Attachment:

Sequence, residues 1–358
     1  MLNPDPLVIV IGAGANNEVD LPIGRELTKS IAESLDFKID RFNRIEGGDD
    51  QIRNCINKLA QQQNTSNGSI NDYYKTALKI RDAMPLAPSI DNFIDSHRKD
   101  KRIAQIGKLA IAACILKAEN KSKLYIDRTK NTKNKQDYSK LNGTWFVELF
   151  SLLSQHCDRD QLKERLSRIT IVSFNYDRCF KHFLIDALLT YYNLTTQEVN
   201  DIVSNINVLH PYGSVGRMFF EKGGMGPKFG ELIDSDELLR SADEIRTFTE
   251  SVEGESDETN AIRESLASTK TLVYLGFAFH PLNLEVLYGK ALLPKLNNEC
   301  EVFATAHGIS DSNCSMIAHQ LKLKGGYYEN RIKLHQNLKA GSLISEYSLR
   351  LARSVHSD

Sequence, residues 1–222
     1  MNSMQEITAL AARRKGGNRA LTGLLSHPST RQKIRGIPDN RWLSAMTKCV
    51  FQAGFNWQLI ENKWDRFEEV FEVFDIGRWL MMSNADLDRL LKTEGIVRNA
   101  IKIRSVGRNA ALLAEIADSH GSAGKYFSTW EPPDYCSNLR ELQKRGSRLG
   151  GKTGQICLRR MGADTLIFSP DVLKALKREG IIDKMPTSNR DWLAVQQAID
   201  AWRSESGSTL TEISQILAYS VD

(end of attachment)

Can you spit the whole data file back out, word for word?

Sequence, residues 1–358
     1  MLNPDPLVIV IGAGANNEVD LPIGRELTKS IAESLDFKID RFNRIEGGDD
    51  QIRNCINKLA QQQNTSNGSI NDYYKTALKI RDAMPLAPSI DNFIDSHRKD
   101  KRIAQIGKLA IAACILKAEN KSKLYIDRTK NTKNKQDYSK LNGTWFVELF
   151  SLLSQHCDRD QLKERLSRIT IVSFNYDRCF KHFLIDALLT YYNLTTQEVN
   201  DIVSNINVLH PYGSVGRMFF EKGGMGPKFG ELIDSDELLR SADEIRTFTE
   251  SVEGESDETN AIRESLASTK TLVYLGFAFH PLNLEVLYGK ALLPKLNNEC
   301  EVFATAHGIS DSNCSMIAHQ LKLKGGYYEN RIKLHQNLKA GSLISEYSLR
   351  LARSVHSD

Sequence, residues 1–222
     1  MNSMQEITAL AARRKGGNRA LTGLLSHPST RQKIRGIPDN RWLSAMTKCV
    51  FQAGFNWQLI ENKWDRFEEV FEVFDIGRWL MMSNADLDRL LKTEGIVRNA
   101  IKIRSVGRNA ALLAEIADSH GSAGKYFSTW EPPDYCSNLR ELQKRGSRLG
   151  GKTGQICLRR MGADTLIFSP DVLKALKREG IIDKMPTSNR DWLAVQQAID
   201  AWRSESGSTL TEISQILAYS VD